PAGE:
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I am an internal medicine physician directly taking care of patients admitted to the hospital who are COVID-19 positive or those who are being tested for COVID-19. Last week, my hospital created a special team dedicated to taking care of these patients. During that time, the hospital was eerily quiet: the ED no longer had patients lying in stretchers, and the inpatient medicine teams were carrying half of the patients ...

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It began last week in our neighborhood, between the locals, who, out for a breath of fresh air, and dutifully in line with the new social distancing rules, began to shout back and forth through the crisp March air. “Good morning! I hope you’re well!” “Good morning! We’re well! I hope you are, too!” Then goodwill took over the neighborhood email chain. Who needs a casserole? Just let us know! We’ll drop one off at ...

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I spent the last week working in a large community hospital in a state with a soaring number of coronavirus cases. I previously had a few days off while this whole situation was escalating, and heard from colleagues that our hospital was taking huge measures to prepare for the onslaught. New protocols were being put in place, there was a scramble for personal protective equipment (PPE), and the hospital had ...

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There's a saying in medicine that: "If you're holding a hammer, everything looks like a nail." It's our way of acknowledging that we all suffer from a particular set of blinders unique to our own specialties. Usually, our focused way of viewing the patient facilitates our ability to serve them, to see their problem, and fix it. Occasionally, it prevents us from seeing that there may be a deeper meaning ...

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As I hug my younger daughter's little head at school drop-off, the calming aroma of her hair fills me with peace. She scurries across the schoolyard toward her 2nd-grade classroom, her big backpack bouncing up and down, seemingly with its own agenda and dwarfing her tiny frame. As soon as I leave the school, my focus switches. I'm at the edge of my patient's hospital bed, reviewing the day's treatment goals. ...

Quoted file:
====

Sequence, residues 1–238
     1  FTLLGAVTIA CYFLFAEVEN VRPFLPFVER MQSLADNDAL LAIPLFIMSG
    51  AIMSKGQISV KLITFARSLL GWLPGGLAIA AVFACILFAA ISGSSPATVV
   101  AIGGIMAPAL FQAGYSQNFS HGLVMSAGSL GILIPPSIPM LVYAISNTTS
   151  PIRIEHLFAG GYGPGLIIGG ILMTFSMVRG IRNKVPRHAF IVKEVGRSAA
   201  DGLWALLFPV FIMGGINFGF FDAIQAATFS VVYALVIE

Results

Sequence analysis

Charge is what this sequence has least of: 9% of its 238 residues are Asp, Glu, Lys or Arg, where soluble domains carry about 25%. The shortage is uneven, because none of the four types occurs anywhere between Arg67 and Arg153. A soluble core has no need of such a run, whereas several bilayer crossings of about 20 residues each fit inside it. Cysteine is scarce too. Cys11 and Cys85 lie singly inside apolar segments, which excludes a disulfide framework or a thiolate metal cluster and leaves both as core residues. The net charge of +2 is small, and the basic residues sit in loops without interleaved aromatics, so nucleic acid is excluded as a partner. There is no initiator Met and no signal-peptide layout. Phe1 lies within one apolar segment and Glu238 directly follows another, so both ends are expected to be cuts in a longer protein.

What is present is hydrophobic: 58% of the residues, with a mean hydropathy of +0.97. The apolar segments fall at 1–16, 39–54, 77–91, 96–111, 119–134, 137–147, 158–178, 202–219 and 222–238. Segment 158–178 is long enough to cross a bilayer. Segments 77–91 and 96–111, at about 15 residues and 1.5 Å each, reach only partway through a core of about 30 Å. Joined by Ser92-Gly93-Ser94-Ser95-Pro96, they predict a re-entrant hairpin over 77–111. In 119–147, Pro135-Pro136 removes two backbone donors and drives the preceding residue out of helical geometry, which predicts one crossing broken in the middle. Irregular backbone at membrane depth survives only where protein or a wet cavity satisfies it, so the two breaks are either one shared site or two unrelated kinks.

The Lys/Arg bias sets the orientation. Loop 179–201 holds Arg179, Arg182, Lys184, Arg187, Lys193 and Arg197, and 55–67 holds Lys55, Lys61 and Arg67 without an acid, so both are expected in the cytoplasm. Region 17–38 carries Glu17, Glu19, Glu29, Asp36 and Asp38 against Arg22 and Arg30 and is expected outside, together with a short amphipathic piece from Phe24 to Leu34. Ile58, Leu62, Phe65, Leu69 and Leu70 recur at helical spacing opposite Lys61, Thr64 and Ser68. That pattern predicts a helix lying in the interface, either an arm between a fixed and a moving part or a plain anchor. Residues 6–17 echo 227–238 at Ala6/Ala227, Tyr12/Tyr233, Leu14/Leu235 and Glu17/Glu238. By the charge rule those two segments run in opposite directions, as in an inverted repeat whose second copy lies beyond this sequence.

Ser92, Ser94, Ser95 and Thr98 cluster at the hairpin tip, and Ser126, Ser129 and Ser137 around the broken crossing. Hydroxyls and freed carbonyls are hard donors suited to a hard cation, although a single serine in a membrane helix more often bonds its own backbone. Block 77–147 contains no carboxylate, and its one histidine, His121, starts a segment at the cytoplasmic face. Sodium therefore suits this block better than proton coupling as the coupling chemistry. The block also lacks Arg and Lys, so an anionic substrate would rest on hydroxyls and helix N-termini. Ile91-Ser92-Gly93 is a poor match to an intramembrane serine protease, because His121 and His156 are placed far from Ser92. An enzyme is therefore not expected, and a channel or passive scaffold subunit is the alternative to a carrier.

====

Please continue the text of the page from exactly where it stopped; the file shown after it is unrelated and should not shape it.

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Medicine is a difficult calling. You already know the sacrifices. As an undergraduate, you gave up time with friends and family so you could be accepted into medical school — where you worked even harder. You understand that the practice of medicine requires you to take responsibility for the care of others ... and the emotional toll that comes with it. In this profession, it's easy to feel like you're alone. Our ...

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The elevator area on the ground floor of our hospital is split. As you enter, the common elevators are on the left, and to the right is a set of double doors, with a sign posted reading, “AUTHORIZED PERSONNEL ONLY.” And behind those doors are the employee elevators, elevators for hospital beds, and large elevators where we can run a code while traveling up or down. The employee elevators are private, ...

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An excerpt from Health Design Thinking: Creating Products and Services for Better Health. Design is the ancient practice of shaping materials to achieve goals and express beliefs. Human beings and other creatures make tools and build structures in order to survive, thrive, and dominate their surroundings. Unlike ...

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Recently, I made a doctor's appointment with a new physician at a different hospital system. During my last encounter with our family's primary care doctor, his angry, unprofessional and unnerving behavior not only scared me at the time — it scared me away for good. So forced to navigate away from crazy — I found myself with this new doctor. Upon entering the front door of the new medical center, I ...

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I can smell the wafting aroma of frying onions and tomatoes as I am upstairs, just waking for the day. I am 10 years old, and these aromas are the staple of my childhood. It brings back memories of home. I walk downstairs and see my dad stirring the tomatoes and onions in the frying pan, dancing and singing: "I am cooking for my kid!" "Kid" is the term he ...